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The Omo Peoples, in Mind and Spirit

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They don’t dress like you. They don’t talk like you. And they don’t view the world the way that most of us do. There’s a reason why the fascinating inhabitants of the Lower Omo Valley of Ethiopia find so many cameras aimed at them by visitors, like bizarre exhibits at a human zoo. The Omo peoples seem like cultures lost in time, reachable in our world of now-Now-NOW communication and insatiable consumption of images, yet still somehow remote from our understanding.

In an era before the world was knit in a tangle of voices and a torrent of instant visuals, opening a National Geographic or anthropology book to ogle fantastic humans like these was glossy proof of a world still unexplored even in the era of moon shots. Indeed, it was only around the time of the Apollo missions to the lunar surface, about 50 years ago, when anthropologists began to study the Hamar, Mursi and other Omo cultures with rigor and sensitivity. Even then, the Lower Omo Valley was a far-out region beyond time. Just getting there, across basins and mountains, penetrating far to the south of Ethiopia’s populated highlands, would prove to be an adventure itself. What visitors found then continues to enthrall us.

Let’s start with land, a sacred space for these people. Most Omo cultures are pastoral, valuing cattle and the grazing lands needed to sustain them. Around the developed world, land tends to be a template for building something, for creating economic value, for leading us into the future. We talk about acquiring land, land barons, land to demarcate and parcel out, property in small plots or vast acreage, always defined and transacted. Governments in Africa are increasingly under pressure to document land tenure, which means they are bumping into traditional notions of how land is shared, valued, and managed.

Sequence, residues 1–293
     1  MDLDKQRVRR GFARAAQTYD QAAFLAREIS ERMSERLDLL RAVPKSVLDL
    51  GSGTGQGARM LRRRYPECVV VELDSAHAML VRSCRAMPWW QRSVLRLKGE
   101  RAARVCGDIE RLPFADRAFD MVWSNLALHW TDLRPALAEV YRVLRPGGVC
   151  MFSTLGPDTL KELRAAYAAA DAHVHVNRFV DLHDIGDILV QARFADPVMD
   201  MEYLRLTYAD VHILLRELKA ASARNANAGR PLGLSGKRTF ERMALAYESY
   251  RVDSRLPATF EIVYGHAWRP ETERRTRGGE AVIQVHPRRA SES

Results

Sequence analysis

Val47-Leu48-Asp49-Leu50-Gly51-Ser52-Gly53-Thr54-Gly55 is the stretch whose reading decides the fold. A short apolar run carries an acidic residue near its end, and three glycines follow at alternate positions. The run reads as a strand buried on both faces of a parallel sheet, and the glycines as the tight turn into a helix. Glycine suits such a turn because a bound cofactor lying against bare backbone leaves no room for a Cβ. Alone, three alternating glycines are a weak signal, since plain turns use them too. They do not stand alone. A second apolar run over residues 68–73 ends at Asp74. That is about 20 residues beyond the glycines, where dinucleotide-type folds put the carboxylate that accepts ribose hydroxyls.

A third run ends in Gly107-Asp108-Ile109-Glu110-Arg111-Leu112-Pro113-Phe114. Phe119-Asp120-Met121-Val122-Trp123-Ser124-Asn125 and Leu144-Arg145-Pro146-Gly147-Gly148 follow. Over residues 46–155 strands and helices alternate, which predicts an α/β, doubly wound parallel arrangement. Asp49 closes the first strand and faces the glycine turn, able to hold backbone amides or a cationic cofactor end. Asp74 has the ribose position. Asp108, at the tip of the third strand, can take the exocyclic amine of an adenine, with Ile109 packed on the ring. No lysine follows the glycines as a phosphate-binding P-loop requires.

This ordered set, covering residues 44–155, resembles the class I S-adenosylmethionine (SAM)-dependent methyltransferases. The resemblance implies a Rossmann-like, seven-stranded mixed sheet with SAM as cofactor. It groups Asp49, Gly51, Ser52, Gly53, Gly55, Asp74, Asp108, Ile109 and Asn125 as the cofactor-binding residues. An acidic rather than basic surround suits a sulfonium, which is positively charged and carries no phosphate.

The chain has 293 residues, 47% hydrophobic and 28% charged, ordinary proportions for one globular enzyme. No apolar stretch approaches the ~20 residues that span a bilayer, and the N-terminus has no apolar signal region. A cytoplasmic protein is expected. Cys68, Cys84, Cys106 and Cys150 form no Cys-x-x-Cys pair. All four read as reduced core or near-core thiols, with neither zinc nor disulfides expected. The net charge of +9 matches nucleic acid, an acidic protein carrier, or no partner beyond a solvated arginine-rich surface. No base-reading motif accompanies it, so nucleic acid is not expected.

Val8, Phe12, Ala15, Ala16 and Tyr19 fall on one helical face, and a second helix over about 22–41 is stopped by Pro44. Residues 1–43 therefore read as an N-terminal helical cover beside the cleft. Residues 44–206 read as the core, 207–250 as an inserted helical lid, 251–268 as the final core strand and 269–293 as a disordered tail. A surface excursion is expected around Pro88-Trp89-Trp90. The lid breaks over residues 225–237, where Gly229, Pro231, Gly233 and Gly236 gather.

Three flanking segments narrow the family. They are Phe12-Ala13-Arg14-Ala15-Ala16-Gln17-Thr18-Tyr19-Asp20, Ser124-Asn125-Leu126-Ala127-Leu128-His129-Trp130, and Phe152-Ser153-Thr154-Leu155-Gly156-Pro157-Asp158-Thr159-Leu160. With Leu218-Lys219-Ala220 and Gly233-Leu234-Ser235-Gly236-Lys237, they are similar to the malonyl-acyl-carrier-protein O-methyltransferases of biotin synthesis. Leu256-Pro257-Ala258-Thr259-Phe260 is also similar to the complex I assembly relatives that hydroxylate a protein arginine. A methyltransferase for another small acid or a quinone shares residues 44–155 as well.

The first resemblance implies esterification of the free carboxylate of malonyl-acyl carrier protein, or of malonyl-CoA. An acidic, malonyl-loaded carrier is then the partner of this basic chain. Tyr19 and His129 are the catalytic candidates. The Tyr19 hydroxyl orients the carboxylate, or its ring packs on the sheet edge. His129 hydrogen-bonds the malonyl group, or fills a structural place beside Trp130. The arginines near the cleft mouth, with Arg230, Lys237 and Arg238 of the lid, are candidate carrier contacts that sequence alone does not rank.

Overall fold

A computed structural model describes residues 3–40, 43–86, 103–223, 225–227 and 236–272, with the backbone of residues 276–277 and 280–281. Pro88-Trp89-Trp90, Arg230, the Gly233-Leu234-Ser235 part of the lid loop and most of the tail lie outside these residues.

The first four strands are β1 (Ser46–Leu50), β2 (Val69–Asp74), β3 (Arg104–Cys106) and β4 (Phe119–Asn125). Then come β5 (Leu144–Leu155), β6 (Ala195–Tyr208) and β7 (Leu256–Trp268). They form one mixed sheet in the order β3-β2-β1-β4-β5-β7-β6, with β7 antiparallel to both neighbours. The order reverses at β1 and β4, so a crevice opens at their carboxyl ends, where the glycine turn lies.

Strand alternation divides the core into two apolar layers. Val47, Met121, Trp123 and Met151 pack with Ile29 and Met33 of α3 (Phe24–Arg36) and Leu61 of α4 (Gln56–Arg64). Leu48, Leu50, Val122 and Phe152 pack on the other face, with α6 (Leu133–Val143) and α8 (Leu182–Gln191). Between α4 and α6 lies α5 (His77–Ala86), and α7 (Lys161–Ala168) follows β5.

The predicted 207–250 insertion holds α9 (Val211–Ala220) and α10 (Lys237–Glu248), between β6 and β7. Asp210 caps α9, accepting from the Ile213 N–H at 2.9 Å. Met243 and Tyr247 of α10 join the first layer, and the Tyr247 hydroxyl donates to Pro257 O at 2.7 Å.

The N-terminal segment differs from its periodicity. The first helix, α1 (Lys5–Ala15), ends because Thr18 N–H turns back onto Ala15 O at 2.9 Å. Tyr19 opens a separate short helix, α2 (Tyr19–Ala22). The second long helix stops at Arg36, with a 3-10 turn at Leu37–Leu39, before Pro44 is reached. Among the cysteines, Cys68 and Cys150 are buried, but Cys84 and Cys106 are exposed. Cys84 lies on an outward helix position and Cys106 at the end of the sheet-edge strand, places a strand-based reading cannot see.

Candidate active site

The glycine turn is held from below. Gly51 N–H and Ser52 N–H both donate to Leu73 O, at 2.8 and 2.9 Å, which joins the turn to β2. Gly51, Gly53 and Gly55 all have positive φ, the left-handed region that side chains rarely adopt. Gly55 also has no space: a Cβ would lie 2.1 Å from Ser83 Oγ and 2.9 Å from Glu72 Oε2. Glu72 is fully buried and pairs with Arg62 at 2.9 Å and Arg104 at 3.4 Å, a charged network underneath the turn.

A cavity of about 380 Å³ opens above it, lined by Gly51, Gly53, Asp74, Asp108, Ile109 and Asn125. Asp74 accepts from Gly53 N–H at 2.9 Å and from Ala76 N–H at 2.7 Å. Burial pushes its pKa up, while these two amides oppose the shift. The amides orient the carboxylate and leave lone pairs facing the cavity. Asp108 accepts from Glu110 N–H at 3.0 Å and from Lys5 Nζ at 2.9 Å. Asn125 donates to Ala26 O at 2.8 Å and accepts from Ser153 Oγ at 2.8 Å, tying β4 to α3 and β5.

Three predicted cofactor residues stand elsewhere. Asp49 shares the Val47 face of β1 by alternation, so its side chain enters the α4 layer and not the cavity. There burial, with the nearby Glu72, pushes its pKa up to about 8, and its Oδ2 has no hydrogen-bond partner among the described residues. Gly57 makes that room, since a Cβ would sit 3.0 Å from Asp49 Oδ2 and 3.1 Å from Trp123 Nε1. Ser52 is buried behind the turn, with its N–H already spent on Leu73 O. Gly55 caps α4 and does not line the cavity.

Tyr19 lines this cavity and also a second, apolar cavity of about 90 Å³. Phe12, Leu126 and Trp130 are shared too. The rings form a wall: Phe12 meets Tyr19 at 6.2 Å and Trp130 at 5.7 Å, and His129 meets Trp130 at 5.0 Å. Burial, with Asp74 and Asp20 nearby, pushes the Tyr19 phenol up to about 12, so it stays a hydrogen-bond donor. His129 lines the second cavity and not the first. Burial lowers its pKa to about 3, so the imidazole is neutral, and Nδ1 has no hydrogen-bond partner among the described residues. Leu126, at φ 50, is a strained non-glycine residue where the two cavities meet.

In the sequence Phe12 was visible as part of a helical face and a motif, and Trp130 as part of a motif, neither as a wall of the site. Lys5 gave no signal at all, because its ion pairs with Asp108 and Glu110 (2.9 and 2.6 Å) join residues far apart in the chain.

In the Omo Valley, land is the context for communal life, an arena for natural and spiritual connections. Land is timeless, and fragile: these herders and occasional farmers know that land and water are linked, and the rains from above and the water spilling over the banks of the Omo River in rainy seasons define the margin of survival.

In the Omo Valley, land is the context for communal life, an arena for natural and spiritual connections.

In LAST DAYS IN NAKED VALLEY, I talk about the moral and cosmic framework of the Hamar people, as understood by the anthropologists and aid workers who have interacted with them. For women in the Mursi culture, there are issues of beauty and acceptance symbolized by the famous protruding lip-plate. (Which, by the way, is quite heavy, as I discovered.) For other cultures, the warrior ethos may shape tradition and resilience, keeping rival peoples at bay and territory intact.

Time passes in ways that we might find liberating. Time flows, and time follows. Seasons shape the pace rather than clocks, schedules, and deadlines. We might learn a more balanced approach to the passage and meaning of time from these people. And delve into the richness of the world we inherit each day.

Hamar women who visited supporters in America, an almost surreal journey, wondered whether the Creator of our world might touch theirs. Perhaps we could benefit from turning away from surface images of the Omo peoples, however dazzling, to delve into the Creation that enriches their existence – and might nourish ours.


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